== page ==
What KPU’s 2020 Field Schools Have to Offer

There are three happening in the spring that students can apply for

Students and faculty take part in The Amazon Interdisciplinary Field School, shown here in 2018. (submitted)

Every year, KPU International offers various field schools that provide students with a great opportunity to travel to new places, experience different cultures, and learn new skills while earning credits.

Apart from the field schools, KPU also offers various exchange programs that provide students with the opportunity to travel, study, and work. These exchange programs have specific criteria for registering into the courses, while field schools are available to any KPU student over the age of 18 with the required number of credits.

There are three field schools coming this May: The Amazon Interdisciplinary Field School, the Canada by Design Field School, and the Berlin-Prague Design Field School.

The Amazon Interdisciplinary Field School, which will run every two years, is taking place for the sixth time starting May 2020. It functions as a six-credit course and field school that “uses an interdisciplinary approach to explore themes of sustainability, conservation, community development, and incorporation of Indigenous perspectives,” according to the Field School’s website.

“The idea of field schools is faculty lead short term cohort and international experience,” says Lucie Gagné, Field School Faculty Leader.

“Being a part of the Amazon field school has powerful experience on the students. The Amazon itself, it is one of the few rare places where you can experience nature and wild in such an omnipresent way.”

Visiting Colombia’s Amazon Rainforest in order to experience its wildlife and cultural diversity is the main point of the field school, and this year, the Amazon Field School will be spent at the Calanoa Natural Reserve, a learning center located on the shore of the Amazon River. There, students can learn about Colombia’s history and culture, from locals and teachers.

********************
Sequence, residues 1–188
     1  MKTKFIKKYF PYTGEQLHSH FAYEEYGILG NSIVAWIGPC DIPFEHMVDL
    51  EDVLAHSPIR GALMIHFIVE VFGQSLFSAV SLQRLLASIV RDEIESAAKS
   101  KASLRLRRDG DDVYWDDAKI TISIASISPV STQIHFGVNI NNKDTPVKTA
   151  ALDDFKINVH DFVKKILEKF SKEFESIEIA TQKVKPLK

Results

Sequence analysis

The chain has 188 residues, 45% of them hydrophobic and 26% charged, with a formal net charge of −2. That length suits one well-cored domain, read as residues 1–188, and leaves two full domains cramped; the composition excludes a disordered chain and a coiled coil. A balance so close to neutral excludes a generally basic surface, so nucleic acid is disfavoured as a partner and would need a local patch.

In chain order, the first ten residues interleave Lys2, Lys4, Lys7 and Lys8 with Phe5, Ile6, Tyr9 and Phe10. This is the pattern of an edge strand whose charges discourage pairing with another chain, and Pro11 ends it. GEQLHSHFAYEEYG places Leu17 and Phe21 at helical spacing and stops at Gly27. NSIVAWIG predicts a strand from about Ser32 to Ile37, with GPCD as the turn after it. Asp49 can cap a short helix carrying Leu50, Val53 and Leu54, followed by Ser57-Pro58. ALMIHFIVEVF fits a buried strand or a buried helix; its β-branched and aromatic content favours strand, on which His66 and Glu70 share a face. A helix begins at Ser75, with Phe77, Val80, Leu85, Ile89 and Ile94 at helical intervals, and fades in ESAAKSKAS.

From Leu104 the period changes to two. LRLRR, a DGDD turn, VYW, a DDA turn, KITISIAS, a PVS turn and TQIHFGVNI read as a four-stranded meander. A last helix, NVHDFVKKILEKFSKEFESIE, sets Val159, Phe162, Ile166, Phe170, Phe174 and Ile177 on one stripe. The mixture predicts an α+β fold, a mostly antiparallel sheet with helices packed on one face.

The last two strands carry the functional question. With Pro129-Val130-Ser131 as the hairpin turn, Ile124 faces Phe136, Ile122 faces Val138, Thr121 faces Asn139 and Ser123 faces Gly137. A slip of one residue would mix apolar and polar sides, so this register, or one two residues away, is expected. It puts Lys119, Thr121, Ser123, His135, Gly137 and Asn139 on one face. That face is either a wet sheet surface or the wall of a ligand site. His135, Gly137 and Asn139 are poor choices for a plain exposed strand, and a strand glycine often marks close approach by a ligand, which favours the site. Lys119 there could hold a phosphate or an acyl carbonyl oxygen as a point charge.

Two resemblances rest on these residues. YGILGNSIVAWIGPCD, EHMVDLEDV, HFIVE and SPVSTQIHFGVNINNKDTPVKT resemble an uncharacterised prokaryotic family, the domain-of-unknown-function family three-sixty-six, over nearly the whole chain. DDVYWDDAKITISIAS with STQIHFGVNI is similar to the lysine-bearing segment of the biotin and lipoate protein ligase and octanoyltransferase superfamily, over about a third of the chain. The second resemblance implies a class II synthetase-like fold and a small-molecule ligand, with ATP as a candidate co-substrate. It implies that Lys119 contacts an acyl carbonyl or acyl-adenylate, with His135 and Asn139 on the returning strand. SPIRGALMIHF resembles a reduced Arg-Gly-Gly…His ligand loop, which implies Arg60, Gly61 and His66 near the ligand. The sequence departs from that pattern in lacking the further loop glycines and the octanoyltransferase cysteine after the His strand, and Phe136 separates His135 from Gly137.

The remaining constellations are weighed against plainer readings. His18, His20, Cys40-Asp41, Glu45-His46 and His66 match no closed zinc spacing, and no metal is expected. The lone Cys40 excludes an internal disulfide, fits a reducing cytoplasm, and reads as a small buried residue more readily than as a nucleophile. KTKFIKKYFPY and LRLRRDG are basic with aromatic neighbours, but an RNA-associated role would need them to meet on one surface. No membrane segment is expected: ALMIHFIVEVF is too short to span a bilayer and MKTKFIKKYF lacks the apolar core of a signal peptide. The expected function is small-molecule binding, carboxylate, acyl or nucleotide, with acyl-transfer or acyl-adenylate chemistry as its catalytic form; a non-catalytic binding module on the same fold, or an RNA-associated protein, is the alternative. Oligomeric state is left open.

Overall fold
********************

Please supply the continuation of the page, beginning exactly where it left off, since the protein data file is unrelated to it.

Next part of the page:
“The key objectives for the design field school is how context affect design. Context can be climate, geography, culture, which includes language, religion, food, all of that. Each location has particular lens,” says Gagné.

“The curriculum looks more at experiential learning outcomes, not discipline-specific,” she continues. “[It] puts a lot of freedom in each student to pursue their own interests, and so the key was how they can elaborate their experience, reflect on the experience gained and can communicate some outcome in terms of how they process that experience.”

Applying for these field schools is a step-by-step process. Students are expected to fill out an application with their general information and to answer questions about why they want to be a part of the school. This helps faculty leaders get an idea of what students are expecting, according to Gagné.

The Canada by Design Field school, which includes visits to Banff, Calgary, Toronto, and Montreal, is also happening this year, where students will be given opportunities to expand their skills and network.

Another design field school happening this year is the Berlin-Prague Design Field School. This field school is destined to visit Prague, the Czech Republic, and Berlin, Germany, where students will check out significant sites, museums, galleries, top cultural attractions, and key sites of interest related to design.

The deadlines for applying to the Amazon Interdisciplinary Field School and Canada Design Field School have already passed, but students still  have the opportunity to grab their seats for the Berlin-Prague Design Field School. Both scholarships and fundraising opportunities are available to help students cover their expenses, available on KPU’s exchange website.

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